Last Updated: Friday - 09/24/2010
Week of Month, 2003
Evangeline mourns in Louisiana
Acadian roots flavour the culture of sleepy Louisiana
St. Martin of Tours - Feast Day - November 11
By TED FITZGERALD
Special to the WCR
A statue of a forlorn young woman dominates the tiny old cemetery beside Eglise St. Martin de Tours. On the monument, Evangeline identifies the fictitious heroine of the 1847 epic poem that made Henry Wadsworth Longfellow famous. But what is the unhappy Acadian girl doing in somnolent little St. Martinville in sub-tropical south Louisiana?
Here, on the banks of a Mississippi River distributary, turgid Bayou Teche, settlers from France, Canada and Spain put down roots and in 1765 welcomed refugees from Nova Scotia, expelled in the Grand Derangement. These Acadians became "Cajuns" and readily mixed with the local population.
Old expressions persist among the city's French speakers where their motto is still "Ma Fois, Mes Amis, Mon Cafe." On parting, "au revoir" might become "Que Dieu vous garde," that is "May God keep you."
The present church of St. Martin replaced an earlier one in 1844. It's a simple basilica plan with side aisles separated from the nave by columns and having separate entrances in the building's facade. The church is constructed of local brick, plastered inside and out and of Greek revival style.
Namesake of the church was a Roman officer and later fourth century bishop of Tours in France. Martin's conversion is recounted in the familiar story of how he shared his cloak with a destitute man, only to find out that he had encountered Christ. He constantly sought solitude but was forced to accept the bishopric by popular demand.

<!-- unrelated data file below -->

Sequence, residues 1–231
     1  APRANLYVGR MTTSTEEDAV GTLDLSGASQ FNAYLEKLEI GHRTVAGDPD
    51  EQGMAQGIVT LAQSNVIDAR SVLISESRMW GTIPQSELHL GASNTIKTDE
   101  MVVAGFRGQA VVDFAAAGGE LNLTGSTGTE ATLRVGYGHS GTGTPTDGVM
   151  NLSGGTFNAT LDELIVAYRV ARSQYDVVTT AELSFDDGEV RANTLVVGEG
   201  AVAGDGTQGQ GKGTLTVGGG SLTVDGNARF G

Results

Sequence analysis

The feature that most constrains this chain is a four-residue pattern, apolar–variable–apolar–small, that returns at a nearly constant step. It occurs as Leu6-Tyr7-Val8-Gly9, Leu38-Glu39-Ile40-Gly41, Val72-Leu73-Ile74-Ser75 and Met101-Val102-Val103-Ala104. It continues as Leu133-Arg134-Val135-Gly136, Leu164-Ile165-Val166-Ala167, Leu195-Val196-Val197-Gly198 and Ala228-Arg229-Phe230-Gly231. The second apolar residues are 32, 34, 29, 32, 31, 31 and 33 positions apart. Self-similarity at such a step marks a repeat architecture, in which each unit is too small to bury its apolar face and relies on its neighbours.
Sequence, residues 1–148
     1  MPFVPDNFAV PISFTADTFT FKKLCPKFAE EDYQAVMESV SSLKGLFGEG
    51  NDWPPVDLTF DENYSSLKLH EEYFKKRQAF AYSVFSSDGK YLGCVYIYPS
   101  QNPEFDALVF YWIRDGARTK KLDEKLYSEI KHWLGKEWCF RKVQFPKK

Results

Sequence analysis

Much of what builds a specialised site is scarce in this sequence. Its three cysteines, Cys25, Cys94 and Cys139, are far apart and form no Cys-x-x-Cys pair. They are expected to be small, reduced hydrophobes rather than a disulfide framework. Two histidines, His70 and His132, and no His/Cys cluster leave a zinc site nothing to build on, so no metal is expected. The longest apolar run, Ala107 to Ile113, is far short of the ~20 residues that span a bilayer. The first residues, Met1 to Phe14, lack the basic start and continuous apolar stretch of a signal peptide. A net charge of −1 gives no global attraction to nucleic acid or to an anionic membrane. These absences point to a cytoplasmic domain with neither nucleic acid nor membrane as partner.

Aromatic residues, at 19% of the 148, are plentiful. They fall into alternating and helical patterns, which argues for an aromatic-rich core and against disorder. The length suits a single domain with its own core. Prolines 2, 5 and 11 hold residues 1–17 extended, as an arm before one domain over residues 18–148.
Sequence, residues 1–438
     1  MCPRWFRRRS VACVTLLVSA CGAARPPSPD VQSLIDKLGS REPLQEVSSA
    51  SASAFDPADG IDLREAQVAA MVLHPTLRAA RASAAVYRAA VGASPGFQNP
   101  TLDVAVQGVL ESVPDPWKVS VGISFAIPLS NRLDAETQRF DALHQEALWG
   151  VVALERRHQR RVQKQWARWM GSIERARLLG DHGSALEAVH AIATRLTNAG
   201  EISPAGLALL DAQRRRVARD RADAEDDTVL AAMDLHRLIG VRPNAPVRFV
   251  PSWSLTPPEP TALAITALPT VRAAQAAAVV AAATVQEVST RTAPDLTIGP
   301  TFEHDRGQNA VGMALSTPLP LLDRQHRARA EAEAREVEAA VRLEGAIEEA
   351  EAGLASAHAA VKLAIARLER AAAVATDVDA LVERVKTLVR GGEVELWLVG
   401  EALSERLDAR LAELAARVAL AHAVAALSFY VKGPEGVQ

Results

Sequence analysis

His time was spent visiting the poor and his far-flung, ill-defined diocese. Thousands of pilgrims visit his tomb in Tours while his statue in the Martinville churchyard has him frozen forever in the act of cutting his famous cloak in half with his sword. In addition to this church, Martin is also patron of the city, the civil parish (county), soldiers and France.
St. Martin's Church is a treasure-trove of religious artifacts, partly because its historic status countered some of the recommendations of the Second Vatican Council. Many good French saints are depicted in sculpture here, from Jeanne d'Arc to Roch. St. Martin de Tours and the Beggar is a huge 19th century painting behind the altar. Old cedar box pews, once rented to parishioners, still retain their unusual little doors.
And Acadienne Evangeline? After hearing a story of lovers separated during the expulsion, Longfellow sought out an eyewitness narrative by the Acadian Abbe Reynal. From it he developed his epic poem Evangeline.
Evangeline and Gabriel, separated on their wedding day in the village of Grand Pre in l'Acadie, searched for years for one another. The story ends tragically with Gabriel's death in the arms of his beloved.
Emmeline Labiche, the heroine, was separated from her betrothed at Grand Pre. Her Gabriel (Louis Arceneaux) came to St. Martinville first. Arriving three years later, Emmeline found Louis already married, fell ill and died within a few months.
The seated figure that now graces Emmeline's grave in the churchyard was a gift from a crew that filmed here in 1929. Dolores del Rio, star of the silent movie, The Romance of Evangeline, was the model for the statue.
Other historic sites to visit here include the Petit Paris Musuem and the Evangeline Oak, rendezvous of the storied lovers. Visitors can enjoy a tour of the elaborate presbytere or attend one of the many daily Masses celebrated at the "Mother Church of the Acadians."
And indulge in gumbo, jambalaya or boiled crawfish at any of the city's dozen restaurants. Or go a little further afield to Mulate's, "The World's Most Famous Cajun Restaurant," for shrimp etouffee in historic Breaux Bridge.
"Que Dieu vous garde!"